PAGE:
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Health-conscious diners today may be right to shun processed food. Yet, just one hundred years ago, American consumers considered processed, mechanically prepared meals to be “pure” and clean. More disturbingly, “pure food” meant avoiding not only contamination from dirt and disease, but also unfamiliar, foreign ingredients and contact with the human hands of immigrant workers.

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To scrutinize how food manufacturers used the “pure food” movement to expand their American market, historian Bonnie M. Miller takes readers through the San Francisco Panama-Pacific Exposition of 1915.

The “world’s fair,” timed for the opening of the Panama Canal, was a celebration of the potential for more global trade, and was also “the first US international exposition to construct a separate building focused solely on the exhibition of food,” writes Miller. That building housed the Palace of Food Products—nicknamed the Palace of Nibbling Arts—which boasted cooking demonstrations, free samples, and displays by food producers from around the world.

In a break from the set-up at previous world’s fairs, the emphasis in San Francisco was on processed food, instead of raw agricultural commodities. For instance, the exhibit by representatives from Argentina “did not showcase unprocessed produce or traditional dishes,” Miller observes.

Rather, it celebrated its food manufacturing, with exhibits of the packaging and preservation of pastes, biscuits, confectionary, condensed milk, wines, and malt liquors. The Argentine commissioners portrayed their nation as a top food producer worthy of foreign investment, one whose foodways were transforming apace with modern nations like the United States.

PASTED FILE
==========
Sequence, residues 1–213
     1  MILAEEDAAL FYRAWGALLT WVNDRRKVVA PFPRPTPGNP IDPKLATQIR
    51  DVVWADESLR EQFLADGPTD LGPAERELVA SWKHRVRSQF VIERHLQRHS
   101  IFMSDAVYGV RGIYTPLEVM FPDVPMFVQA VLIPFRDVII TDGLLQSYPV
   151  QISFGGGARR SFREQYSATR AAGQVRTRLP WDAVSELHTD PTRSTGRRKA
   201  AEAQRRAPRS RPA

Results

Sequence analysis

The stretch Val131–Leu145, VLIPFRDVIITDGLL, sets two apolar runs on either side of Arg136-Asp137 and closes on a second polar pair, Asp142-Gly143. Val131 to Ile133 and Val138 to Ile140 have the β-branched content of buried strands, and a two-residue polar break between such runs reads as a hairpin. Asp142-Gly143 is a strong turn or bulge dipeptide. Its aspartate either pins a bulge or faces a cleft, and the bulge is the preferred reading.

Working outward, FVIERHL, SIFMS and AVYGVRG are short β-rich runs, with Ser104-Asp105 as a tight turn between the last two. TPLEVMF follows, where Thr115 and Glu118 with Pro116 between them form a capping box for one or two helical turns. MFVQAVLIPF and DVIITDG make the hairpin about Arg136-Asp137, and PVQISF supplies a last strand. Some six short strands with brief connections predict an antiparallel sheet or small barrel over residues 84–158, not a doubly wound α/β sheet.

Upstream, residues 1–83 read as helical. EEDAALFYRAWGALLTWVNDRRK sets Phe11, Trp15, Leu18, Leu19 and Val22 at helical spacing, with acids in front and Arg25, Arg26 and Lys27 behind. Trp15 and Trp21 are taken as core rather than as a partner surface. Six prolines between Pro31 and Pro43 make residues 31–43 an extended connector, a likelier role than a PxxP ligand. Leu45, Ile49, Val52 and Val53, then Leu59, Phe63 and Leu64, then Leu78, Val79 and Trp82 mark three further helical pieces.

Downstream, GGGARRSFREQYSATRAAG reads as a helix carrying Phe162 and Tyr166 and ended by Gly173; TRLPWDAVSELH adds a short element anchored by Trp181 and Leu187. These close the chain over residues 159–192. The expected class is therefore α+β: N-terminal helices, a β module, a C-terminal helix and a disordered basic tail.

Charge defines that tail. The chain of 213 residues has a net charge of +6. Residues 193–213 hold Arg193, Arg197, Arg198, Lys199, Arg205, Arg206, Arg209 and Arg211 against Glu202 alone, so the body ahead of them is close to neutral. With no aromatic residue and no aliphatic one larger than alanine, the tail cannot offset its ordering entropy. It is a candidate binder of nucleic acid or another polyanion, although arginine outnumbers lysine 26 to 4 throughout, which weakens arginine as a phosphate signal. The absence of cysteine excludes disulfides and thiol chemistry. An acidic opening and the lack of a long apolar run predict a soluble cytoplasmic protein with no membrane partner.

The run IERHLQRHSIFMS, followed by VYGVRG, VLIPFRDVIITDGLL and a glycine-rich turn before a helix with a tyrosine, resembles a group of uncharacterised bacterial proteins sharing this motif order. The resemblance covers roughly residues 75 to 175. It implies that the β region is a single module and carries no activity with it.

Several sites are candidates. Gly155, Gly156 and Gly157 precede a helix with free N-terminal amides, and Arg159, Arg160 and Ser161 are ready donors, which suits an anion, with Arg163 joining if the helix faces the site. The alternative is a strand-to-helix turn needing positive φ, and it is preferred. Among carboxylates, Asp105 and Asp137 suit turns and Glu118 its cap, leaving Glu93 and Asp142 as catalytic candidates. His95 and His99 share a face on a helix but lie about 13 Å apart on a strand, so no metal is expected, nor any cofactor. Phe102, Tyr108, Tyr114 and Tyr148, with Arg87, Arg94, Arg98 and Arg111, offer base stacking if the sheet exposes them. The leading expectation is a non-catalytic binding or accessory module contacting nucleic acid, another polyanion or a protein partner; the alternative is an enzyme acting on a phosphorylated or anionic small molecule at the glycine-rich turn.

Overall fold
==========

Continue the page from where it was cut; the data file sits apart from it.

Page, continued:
Through a variety of exhibits like this, “the fair created a circumscribed space for culinary exchange,” Miller writes.

But visitors’ experience of culinary cosmopolitanism was indeed circumscribed, along explicitly racial lines. Nowhere is this clearer than in Miller’s case study of the so-called “Iron Chink” machine unveiled at the fair. The Iron Chink, a brainchild of a Seattle-based company that supplied the fishery industry, could turn raw fish into tinned food—without the need for the labor of cannery workers, who were predominantly Chinese.

Meanwhile, the exhibit by food manufacturer Libby’s showed how ingredients from across the United States could become “pure prepared foods,” including dishes such as chili con carne, tamales, and spaghetti.

“From its gleaming white sparkling kitchens, Libby’s allowed less mainstream culinary tastes and cooking styles to thrive, so long as they remained hermetically contained and meticulously disinfected,” says Miller. “Food purity, then, became a shorthand for whiteness, allowing for machines to replace the human hands of a demographically heterogeneous labor force while allowing for some gastronomic diversification.”

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Southern California Quarterly, Vol. 100, No. 2, SPECIAL ISSUE: Edible Matters: The Material and Visual Culture of Food in California, 1865–Present (Summer 2018), pp. 150–182
University of California Press on behalf of the Historical Society of Southern California